The place where the body of Pol Pot, the former Khmer Rouge leader, was unceremoniously burned in a pile of rubbish is set to be the latest location from Cambodia's dark recent history to be transformed into a tourist spot.
In a controversial move that underlines the increasing allure of the country's genocidal history and the importance of tourists to Cambodia's coffers, the Government has decided to "preserve and develop" Anlong Veng.
The jungle town in the far north of the country was the last stronghold of the rebel movement responsible for the deaths of up to two million people.
The authorities in Phnom Penh say the town will be transformed into a historic tourism site for national and international guests to visit and understand the last political leadership of the genocidal regime.
For more than two decades hardly anyone visited Cambodia.
Although the rebels who seized power in April 1975 were ousted just four years later, a civil war kept most visitors away until well into the mid-1990s. For years, splendours such as the World Heritage site of Angkor Wat were effectively out of bounds.
Yet tourism has bounced back.
Last year there were around two million visitors and by next year the authorities hope the figure will top three million. Increasingly, as tourists have returned to Cambodia to visit such wonders as the 12th-century temple complex near the town of Siam Reap, they have also found time to fit in locations associated with the Khmer Rouge.
Chief among these have been Tuol Sleng Prison in Phnom Penh, where up to 17,000 people were tortured and sent for execution, and the killing fields themselves, located on the edge of the city at Choeung Ek.
Even if it wanted to, Cambodia has not been allowed to forget its past.
A major legal process to try six former Khmer Rouge officials is proceeding under the oversight of the United Nations in a move that took more than a decade to agree.
Yet not everyone agrees that the Government should be using this dark period in the country's history to bring in foreign currency, however much they are needed.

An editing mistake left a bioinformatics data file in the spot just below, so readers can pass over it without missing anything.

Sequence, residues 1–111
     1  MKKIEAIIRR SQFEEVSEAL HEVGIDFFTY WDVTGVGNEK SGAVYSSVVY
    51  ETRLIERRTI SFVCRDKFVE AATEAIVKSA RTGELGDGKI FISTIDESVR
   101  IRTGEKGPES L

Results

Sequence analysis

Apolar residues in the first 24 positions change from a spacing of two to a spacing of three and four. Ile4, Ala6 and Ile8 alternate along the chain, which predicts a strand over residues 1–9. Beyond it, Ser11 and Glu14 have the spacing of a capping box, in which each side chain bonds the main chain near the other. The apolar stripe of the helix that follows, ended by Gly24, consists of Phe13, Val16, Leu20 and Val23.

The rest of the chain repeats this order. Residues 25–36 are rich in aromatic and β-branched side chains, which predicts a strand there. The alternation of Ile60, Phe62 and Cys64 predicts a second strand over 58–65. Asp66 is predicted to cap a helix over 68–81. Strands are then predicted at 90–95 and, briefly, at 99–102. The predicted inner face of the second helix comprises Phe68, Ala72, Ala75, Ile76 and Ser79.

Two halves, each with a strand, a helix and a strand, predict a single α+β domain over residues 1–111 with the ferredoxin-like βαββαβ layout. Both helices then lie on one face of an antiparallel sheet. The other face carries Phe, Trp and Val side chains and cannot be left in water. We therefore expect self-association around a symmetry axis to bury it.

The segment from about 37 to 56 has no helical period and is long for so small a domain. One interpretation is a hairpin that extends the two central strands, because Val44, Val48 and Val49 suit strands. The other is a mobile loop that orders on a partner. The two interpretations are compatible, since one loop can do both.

Youk Chhang, who heads the genocide documentation centre, which brings together personal testimonies and documents from the Khmer Rouge era, said: "Using genocide to attract tourists is irresponsible. These [events] have to be preserved; they have to be documented.
"But if you allow this to be commercialised then you dehumanise and victimise us. For a long time we have been struggling to become something else."
The Government of Hun Sen, who once was a Khmer Rouge official, has identified 14 places at the remote hilly location it wants to bring to the attention of tourists.
As recently as 1998, the village near the Dangrek mountains was the final stronghold of the last remnants of the Khmer Rouge.
Among the obvious elements of interests will be the place where the French-educated Pol Pot was cremated after he reportedly suffered a heart attack.
Another spot to be promoted is the grave of Ta Mok, also known as "The Butcher" for his apparent ruthlessness, and who was the only Khmer Rouge leader not to be killed or else surrender to government forces.
Captured in 1999 after the movement disintegrated, he died in 2006 while waiting to be tried at the UN tribunal.